5 Common Areas to Assess When Visiting Loved Ones

Visiting your loved one? Simultaneously catching up and ensuring their safety and health is supported by assessing these areas.

Visiting your loved one is a time to catch up, laugh, and reminisce on memories. But it can also serve a duel purpose, specifically by verifying and ensuring their safety and health is supported.

So the next time you visit, assess these five common areas and traits, including the safety of their home and if activities of daily living are still being completed.

Common Areas to Assess When Visiting Loved Ones

1. Activities of Daily Living

Activities of daily living (ADLs) are routine activities completed each and every day without needing assistance from others. Common and basic ADLs relate personal care, including bathing, showering, dressing, going to the bathroom, and transferring.

Especially if your loved one is living independently, it is important to validate they are still able to complete such tasks. Indicators to help you identify whether or not challenges are present include:

  • Observing the kitchen: Is there food stocked in the pantry? Does the fridge contain fresh food or is are there any expired labels?
  • Assessing personal hygiene: Does it appear as if they regularly shower? Are their clothes clean? What about nail care?
  • Noticing home cleanliness: Are areas picked up and tidied? Are dishes left in the sink or put up from the dishwasher?

2. Home Safety

Seniors are more prone to falls and injuries related to a number of aging health problems and issues, including reduced muscle mass, dehydration, age-related diseases, and certain medications.

While some of those risks are challenging to modify, you can help increase the safety of your loved one and gain a peace of mind by evaluating their home safety. To ensure your loved one is protected, consider the following safety areas and tips:

General Home Safety

These general safety tips can be applied throughout the entire house:

  • Flooring: Confirm there is no clutter that could be stumbled upon and tripped over, including cords and rugs.
  • Lighting: Increase lighting to increase visibility, along with installing nightlights such as in the bathroom.
  • Doorways: Free doorways of clutter and make sure they are large enough to accommodate a wheelchair or walker if needed.
  • Stairways: If stairways are used, add a second railing or wheelchair ramp as needed.

Bathroom Safety

Bathrooms are one of the riskiest areas for seniors to fall, mostly related to slick surfaces and tight corridors. Offer seniors a sense of security and reduce the likelihood of falling by installing railings, using nonslip mats, and confirming seats are sturdy on the toilet and in the shower.

Kitchen Safety

Keep seniors safe in the kitchen by utilizing lower cabinets, using locks as necessary, staying cautious of sharp corners, and verifying plug-in safety.

3. Physical Health

Sustaining physical health as a senior is key, as it helps them remain at home independently and safely. Identifying aging health issues allows an opportunity to intervene and these red flags can help you recognize a need for medical attention:

  • Have you noticed any declines in vigor, strength, and overall health?
  • Has your loved one complained of any pain or other symptoms?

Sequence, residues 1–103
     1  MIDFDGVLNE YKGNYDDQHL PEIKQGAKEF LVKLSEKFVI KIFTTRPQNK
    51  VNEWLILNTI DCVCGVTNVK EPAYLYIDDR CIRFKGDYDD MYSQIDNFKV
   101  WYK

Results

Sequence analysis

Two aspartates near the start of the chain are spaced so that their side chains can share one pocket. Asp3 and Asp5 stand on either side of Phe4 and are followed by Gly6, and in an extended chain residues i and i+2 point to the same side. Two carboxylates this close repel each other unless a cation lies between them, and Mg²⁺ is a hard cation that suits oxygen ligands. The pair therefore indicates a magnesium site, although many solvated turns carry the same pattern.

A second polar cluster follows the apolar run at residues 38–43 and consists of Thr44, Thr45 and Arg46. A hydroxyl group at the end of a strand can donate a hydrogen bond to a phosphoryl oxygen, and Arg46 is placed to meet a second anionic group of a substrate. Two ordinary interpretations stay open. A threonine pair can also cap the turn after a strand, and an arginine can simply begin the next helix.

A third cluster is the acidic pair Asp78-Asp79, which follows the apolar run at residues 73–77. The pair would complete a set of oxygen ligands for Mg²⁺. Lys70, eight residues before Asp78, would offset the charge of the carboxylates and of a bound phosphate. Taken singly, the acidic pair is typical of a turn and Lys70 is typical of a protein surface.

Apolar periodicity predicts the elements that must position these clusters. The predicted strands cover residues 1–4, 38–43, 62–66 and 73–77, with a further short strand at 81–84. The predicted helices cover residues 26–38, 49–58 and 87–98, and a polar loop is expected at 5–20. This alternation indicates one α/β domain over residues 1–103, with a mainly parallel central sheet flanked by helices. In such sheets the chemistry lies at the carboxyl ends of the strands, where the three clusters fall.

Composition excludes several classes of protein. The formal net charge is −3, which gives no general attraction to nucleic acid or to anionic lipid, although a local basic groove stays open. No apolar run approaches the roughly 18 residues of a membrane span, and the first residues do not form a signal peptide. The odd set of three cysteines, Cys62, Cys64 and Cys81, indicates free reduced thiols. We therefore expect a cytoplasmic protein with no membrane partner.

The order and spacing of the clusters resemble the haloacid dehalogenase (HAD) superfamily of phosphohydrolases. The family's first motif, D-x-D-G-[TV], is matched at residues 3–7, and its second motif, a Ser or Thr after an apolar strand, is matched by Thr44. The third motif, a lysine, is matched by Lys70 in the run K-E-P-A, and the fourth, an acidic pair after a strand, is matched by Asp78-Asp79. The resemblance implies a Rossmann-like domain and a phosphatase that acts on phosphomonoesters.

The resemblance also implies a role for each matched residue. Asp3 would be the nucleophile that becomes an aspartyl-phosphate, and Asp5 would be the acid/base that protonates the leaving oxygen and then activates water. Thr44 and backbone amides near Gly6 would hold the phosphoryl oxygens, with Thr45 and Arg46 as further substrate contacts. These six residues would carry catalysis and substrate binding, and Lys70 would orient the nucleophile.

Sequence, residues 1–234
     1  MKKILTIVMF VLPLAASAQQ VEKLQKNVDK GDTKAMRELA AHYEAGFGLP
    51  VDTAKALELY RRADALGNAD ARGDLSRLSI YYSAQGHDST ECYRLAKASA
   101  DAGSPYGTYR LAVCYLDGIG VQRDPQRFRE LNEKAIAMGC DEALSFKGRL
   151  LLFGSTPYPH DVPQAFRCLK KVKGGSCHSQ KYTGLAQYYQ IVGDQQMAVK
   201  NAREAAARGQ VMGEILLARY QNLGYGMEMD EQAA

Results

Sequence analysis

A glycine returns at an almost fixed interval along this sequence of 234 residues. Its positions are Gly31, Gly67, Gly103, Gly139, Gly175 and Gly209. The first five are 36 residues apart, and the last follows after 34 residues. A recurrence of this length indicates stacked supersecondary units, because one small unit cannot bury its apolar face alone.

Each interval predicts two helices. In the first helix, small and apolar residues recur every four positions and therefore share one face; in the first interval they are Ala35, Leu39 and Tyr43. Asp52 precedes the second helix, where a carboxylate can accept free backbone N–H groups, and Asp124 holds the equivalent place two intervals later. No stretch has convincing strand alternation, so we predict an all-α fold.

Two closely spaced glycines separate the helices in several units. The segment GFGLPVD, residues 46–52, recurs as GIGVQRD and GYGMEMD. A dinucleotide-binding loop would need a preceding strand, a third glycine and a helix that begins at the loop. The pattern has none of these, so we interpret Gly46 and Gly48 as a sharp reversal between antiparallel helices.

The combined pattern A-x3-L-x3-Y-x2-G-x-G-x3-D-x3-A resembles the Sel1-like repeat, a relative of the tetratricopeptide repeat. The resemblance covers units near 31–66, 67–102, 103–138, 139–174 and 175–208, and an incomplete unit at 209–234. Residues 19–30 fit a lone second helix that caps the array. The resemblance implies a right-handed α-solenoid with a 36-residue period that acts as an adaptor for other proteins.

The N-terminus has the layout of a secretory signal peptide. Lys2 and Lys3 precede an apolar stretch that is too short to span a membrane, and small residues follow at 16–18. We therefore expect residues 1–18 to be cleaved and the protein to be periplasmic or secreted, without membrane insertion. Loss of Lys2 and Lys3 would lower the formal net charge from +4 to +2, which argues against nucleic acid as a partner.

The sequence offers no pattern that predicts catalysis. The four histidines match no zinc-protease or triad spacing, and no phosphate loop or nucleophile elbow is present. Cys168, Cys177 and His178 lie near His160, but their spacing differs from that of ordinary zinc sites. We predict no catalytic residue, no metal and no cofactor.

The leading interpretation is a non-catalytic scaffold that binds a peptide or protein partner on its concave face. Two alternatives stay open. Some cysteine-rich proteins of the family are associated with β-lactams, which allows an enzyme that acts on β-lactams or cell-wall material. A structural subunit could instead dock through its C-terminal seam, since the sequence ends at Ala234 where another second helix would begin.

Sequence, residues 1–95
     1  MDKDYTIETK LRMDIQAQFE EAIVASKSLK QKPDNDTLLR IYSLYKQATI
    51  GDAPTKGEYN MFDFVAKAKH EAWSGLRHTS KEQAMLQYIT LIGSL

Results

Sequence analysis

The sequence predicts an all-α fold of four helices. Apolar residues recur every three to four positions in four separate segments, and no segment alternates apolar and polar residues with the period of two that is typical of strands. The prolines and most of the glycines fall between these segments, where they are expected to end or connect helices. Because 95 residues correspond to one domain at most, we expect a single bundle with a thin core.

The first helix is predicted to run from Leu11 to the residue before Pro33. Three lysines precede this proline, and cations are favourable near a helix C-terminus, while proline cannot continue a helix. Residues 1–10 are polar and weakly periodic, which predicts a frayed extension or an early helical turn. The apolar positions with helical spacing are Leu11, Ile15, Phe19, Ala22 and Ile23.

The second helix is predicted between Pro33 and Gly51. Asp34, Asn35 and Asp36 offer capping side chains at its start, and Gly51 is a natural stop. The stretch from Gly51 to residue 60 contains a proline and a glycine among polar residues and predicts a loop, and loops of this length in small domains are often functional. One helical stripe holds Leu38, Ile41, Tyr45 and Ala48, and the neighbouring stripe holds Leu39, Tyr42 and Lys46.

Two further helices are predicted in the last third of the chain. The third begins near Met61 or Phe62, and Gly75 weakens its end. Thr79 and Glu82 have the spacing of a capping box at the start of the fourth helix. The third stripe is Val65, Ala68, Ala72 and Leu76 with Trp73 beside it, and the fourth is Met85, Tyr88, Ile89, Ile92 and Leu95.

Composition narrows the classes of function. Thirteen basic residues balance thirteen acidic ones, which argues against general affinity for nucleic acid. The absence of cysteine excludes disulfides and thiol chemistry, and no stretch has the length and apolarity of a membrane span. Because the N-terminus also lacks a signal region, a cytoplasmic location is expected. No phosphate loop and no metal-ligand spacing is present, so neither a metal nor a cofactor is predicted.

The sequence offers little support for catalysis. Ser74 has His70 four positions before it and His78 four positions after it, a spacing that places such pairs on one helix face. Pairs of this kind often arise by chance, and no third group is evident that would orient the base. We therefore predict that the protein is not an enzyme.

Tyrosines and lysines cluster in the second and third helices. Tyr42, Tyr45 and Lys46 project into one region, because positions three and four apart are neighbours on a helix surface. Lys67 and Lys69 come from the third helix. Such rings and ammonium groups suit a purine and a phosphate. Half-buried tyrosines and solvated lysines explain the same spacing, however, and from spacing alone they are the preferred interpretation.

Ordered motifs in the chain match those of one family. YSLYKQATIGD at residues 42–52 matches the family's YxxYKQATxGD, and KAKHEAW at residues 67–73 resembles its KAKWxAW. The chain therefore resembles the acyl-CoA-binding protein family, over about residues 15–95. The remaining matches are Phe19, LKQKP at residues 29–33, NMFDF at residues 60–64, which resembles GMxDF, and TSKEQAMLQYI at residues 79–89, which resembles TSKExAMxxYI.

• Are there any weight changes? What about changes in appetite and food intake?
  • Does your loved one regularly visit the doctor? Any recent and frequent hospitalizations?
  • Is your loved one experiencing any limitations related to a health condition or disease?

4. Emotional Wellbeing

Along with physical health, emotional health should not go unnoticed. In fact, seniors are at an increased risk of depression based on a number of factors, including after retirement.

Seniors are also at risk of dementia and Alzheimer’s disease, which deserves high consideration relative to extreme risks that come with a declining memory and losing the ability to think clearly.

Assess changes in emotional wellbeing and brain health by questioning the following:

  • Does your loved one seem more forgetful than usual?
  • Are objects lost and unable to be retraced?
  • Do they seem disconnected from social interactions? Are they cancelling plans?
  • Are there any changes in driving patterns?
  • Is your loved one having difficulty communicating? What about reading or writing?
  • Have they started to wander more and become disoriented?
  • Do you witness any changes in mood or personality?

5. Medication Management and Compliance

If your loved one is taking medication for any aging health issue or disease, it is essential to make sure they are complying to them. When visiting your loved one, review medications and assort them based on required use, along with considering a medication reminder system if needed.

But not only is it important to be complying to medications, but taking them the right way. Keeping a list of medications and evaluating with a doctor or pharmacist can help certify they are being taken properly and reduce the risk of food and drug interactions.

These 10 tips to keep medications straight can also assist in their management and compliance, including disclosing all medications to primary care providers, building their use as a habit, and managing side effects as needed.

What Now?

After assessing these areas, it is imperative to acknowledge and address any deviations in behaviors and potential geriatric health problems as their biggest advocate.

If your loved one is resistant or becomes argumentative, allow them time to internalize such frustrations. Getting additional support, including from family members and healthcare providers, can likewise help ease the process and ensure support from all respective parties.